Take Your Kids to Work Day

by Carl Strang

Last week the annual Take Your Kids to Work Day took place at Mayslake Forest Preserve. I was one of the program leaders, and I took the opportunity to test some ideas on singing insects and hearing. We tried out some insect survey methods, including sweep netting.

This was, of course, popular. You get to swing a net through the vegetation, then see what you caught.

Everyone gathered round when someone had something interesting to share.

Often there were odd little critters buried in the bits of vegetation at the bottom.

Every insect and spider got equal attention, but I was especially interested in singing insects.

One of my long term goals is to learn to identify katydid nymphs like this Conocephalus.

They also tried out the SongFinder.

This device takes in sounds and drops their pitch, dividing the frequency by 2, 3 or 4 times. Familiar sounds are made strange.

I was eager to find out how well kids could hear species I cannot hear without this device. I led them to an area where slender meadow katydids  were singing. I was mildly chagrined to learn that not only the kids heard them, but so did their younger-adult parents. I was the only one who could not. They said the song reminded them of a sprinkler.

Here they proved their ability by finding one of the singing slender meadow katydids.

This was a helpful step toward developing monitoring methods for singing insects, and everyone seemed to have a good time. By the way, I am conducting a free singing insects program at Danada this coming Saturday evening. Call 630-206-9581 to reserve a spot.

Mack Road Marsh

by Carl Strang

My second stop in my targeted search for singing insects was Blackwell Forest Preserve, specifically the Mack Road Marsh in south Blackwell. This is where the Blackwell Canada goose roost is located in winter, though no geese were there on the afternoon of this visit. As I followed the trail that skirts the edge of the marsh I heard plenty of common species (black-legged meadow katydids, Say’s trigs, Carolina ground crickets, and a narrow-winged tree cricket), and also saw some short-winged and slender meadow katydids. There were enough small willows and other coarse plants that I had few places to swing a sweep net. One sample at the edge of the water caught a couple black-leg males and this female Orchelimum (large meadow katydid genus).

She appears to be one instar short of adulthood. Her ovipositor shape to my eye could place her in one of several species, and she has the simple green and black color pattern typical of nymphs in both of our genera of meadow katydids. The photo is worth keeping for future reference, but otherwise she is unidentified, for now. As I headed back out that trail I put on the SongFinder. When black-legs are around, their songs can overwhelm the hearing, and the SongFinder’s filters don’t take them out. At one point I heard a new song pattern, however, coming from an area where grasses and some mountain mint were growing amid willow wands and some sawtooth sunflowers.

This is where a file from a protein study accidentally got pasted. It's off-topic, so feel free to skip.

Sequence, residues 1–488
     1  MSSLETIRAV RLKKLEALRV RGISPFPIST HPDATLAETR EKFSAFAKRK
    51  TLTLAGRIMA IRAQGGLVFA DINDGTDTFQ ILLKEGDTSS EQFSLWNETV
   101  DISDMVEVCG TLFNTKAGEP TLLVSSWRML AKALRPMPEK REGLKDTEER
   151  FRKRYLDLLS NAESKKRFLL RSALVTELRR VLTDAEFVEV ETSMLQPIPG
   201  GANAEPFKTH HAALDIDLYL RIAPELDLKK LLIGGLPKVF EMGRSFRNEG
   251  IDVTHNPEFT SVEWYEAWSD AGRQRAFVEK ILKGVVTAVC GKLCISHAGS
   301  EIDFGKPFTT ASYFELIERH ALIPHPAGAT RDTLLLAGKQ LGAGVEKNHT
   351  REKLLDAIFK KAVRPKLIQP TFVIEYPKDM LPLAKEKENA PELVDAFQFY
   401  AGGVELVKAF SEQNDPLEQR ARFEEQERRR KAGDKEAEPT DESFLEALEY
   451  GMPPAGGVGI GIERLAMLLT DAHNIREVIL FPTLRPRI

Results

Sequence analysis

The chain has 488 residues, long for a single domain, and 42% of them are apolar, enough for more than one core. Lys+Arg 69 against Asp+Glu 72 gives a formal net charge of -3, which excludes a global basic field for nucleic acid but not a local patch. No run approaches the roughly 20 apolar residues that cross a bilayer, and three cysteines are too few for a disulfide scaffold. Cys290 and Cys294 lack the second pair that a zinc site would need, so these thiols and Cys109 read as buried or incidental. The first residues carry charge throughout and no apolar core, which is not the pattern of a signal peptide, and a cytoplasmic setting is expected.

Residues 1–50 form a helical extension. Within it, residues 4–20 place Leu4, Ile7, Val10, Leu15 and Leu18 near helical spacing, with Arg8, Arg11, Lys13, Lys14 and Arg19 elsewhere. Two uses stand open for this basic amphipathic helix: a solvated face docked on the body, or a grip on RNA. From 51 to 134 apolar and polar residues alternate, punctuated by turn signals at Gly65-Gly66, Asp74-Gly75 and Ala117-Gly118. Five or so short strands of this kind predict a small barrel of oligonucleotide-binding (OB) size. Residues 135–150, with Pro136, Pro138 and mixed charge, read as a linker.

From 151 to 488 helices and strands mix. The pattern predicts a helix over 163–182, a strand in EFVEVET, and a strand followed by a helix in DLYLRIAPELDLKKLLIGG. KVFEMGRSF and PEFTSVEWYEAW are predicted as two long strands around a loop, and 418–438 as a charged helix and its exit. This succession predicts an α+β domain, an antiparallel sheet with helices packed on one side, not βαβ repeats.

After some searching I found one of the singers, but could not get a good photo of his cerci.

As he was almost certainly a new species for my county list, I collected him. To my surprise he proved to be a long-spurred meadow katydid. Previously I had found these singing at Brookfield Zoo in Cook County, and on this most recent Labor Day weekend I was sure I had heard a couple in a woods near Culver, Indiana, that I passed on a bike ride. Those experiences led me to think this species’ songs always were audible to me. Here at Blackwell, however, though I could hear them faintly without the SongFinder I never would have noticed them without it.

This raises two possibilities, one disturbing and one intriguing. The disturbing possibility is that my Culver identification was mistaken, and my hearing has declined significantly in the past twelve months. The intriguing possibility is that these katydids alter the frequency range of their songs in different locations. At Brookfield Zoo and in those woods near Culver, there were few other singers. At Blackwell there was an abundant congener, the black-legged meadow katydid, singing in numbers. Though the songs of the two species are distinct enough that I can easily distinguish them, perhaps in these circumstances shifting to a different band width makes the male long-spurs easier for the females to find.